Brexit has caused uncertainty in the UK funds industry and UK investment fund managers have been devising and implementing a variety of contingency plans based upon various post Brexit scenarios.
Since many UK based fund managers already use Irish or Luxembourg UCITS and alternative investment fund (AIF) platforms for pan-European distribution, the effect on the UK as a fund domicile is likely to be relatively limited, although there has been some evidence of asset managers seeking to rebalance their operations and build greater presence in the EU where they did not already have this.
The big issue for the UK asset management industry is the risk of changes to delegation rules that enable MIFID investment firms, alternative investment fund managers (AIFMs) and UCITS management firms to delegate to a UK based investment manager.
On 20 March 2018, the chair of the European Securities and Markets Authority (ESMA) sought to clarify earlier comments on delegation that the European Supervisory Authority made in its July 2017 sector specific principles on relocations from the UK to the EU27. He stated:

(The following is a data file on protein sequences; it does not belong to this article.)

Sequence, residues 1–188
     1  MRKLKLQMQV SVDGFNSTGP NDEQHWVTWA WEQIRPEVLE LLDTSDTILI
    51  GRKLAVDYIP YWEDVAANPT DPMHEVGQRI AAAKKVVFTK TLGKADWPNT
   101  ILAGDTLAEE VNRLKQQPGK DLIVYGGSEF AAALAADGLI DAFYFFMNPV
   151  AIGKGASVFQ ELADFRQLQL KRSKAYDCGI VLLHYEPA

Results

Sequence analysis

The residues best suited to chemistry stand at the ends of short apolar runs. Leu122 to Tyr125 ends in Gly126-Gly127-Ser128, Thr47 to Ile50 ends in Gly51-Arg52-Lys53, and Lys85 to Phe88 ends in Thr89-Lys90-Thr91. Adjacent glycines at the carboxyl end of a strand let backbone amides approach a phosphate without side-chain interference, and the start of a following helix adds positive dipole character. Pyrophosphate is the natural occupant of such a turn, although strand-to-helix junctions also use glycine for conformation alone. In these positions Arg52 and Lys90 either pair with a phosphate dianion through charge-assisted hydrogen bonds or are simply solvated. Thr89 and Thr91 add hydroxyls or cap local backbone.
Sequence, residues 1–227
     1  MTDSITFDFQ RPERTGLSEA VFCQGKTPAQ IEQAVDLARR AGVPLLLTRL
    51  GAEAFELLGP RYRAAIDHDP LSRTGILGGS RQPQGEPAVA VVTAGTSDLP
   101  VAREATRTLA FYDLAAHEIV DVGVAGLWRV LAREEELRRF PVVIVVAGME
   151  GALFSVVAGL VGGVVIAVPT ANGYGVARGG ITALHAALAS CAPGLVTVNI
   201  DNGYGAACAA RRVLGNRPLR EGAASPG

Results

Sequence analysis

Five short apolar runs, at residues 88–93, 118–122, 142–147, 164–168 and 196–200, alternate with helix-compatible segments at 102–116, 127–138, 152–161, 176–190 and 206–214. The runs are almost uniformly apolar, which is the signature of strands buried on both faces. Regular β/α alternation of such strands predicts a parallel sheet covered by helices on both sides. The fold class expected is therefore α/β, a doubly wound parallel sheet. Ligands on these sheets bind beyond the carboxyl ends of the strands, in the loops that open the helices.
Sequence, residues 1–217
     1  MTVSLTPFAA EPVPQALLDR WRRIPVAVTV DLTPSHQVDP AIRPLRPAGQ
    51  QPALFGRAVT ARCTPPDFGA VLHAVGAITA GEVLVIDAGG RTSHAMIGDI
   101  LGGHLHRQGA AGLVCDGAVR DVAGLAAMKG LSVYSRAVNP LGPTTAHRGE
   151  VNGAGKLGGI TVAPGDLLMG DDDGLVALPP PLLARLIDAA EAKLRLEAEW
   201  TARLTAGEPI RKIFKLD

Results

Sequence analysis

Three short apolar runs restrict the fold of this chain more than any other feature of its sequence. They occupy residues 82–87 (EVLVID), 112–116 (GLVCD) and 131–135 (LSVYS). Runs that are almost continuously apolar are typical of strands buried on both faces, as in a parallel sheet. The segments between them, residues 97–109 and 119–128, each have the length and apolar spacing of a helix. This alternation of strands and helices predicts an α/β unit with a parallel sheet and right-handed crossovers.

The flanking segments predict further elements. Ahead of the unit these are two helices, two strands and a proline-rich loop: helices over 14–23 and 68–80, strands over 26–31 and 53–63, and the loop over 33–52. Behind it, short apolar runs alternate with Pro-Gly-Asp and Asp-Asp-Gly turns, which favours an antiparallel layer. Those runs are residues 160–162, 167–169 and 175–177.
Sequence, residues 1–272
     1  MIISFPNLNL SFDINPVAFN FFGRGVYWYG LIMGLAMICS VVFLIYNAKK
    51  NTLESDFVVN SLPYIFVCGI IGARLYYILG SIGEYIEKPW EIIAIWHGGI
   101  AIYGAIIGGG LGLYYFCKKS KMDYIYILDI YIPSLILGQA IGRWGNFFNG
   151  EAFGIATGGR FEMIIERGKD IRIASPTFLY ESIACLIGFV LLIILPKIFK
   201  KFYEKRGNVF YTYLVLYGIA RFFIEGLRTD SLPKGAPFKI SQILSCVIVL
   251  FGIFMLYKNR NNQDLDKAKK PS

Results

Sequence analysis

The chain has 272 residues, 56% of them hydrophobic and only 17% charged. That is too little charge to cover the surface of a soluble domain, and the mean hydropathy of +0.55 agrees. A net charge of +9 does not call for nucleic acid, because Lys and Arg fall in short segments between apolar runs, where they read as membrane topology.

"As I have repeatedly clarified, we are not looking to question, undermine or put in doubt the delegation model. We know that this is a key feature of the investment funds industry and that the flexibility to organise centres of excellence in different jurisdictions has contributed to the industry’s success. To put it more bluntly, to us delegation is not a dirty word.
What our opinions are seeking to address is the risk of letterbox entities. I hope you would all agree that it is in no-one’s interest to allow the creation of such entities. Both the UCITS Directive and the AIFMD explicitly require there to be enough substance in the entity established in the home Member State.
In other words, financial centres in the EU27 should be free to compete based on the particular strengths they can offer relocating firms, like speed and efficiency, but in all cases the EU rulebook should be consistently applied. Otherwise, there could be insufficient substance in the EU27, which may pose risks to ESMA achieving its stability and investor protection mandates."
In terms of other recent activity, the Alternative Investment Management Association published a position paper in April 2018 in which it argued that the UK should seek a deal with the EU that ensures UK firms’ relationship with EU investors and clients can continue uninterrupted by virtue of ‘grandfathering positions’. A series of technical points that need to be addressed during the transition period are outlined in the paper, with the aim of ensuring a smooth journey for asset management firms as they revise their approach to reflect the UK’s new third country status.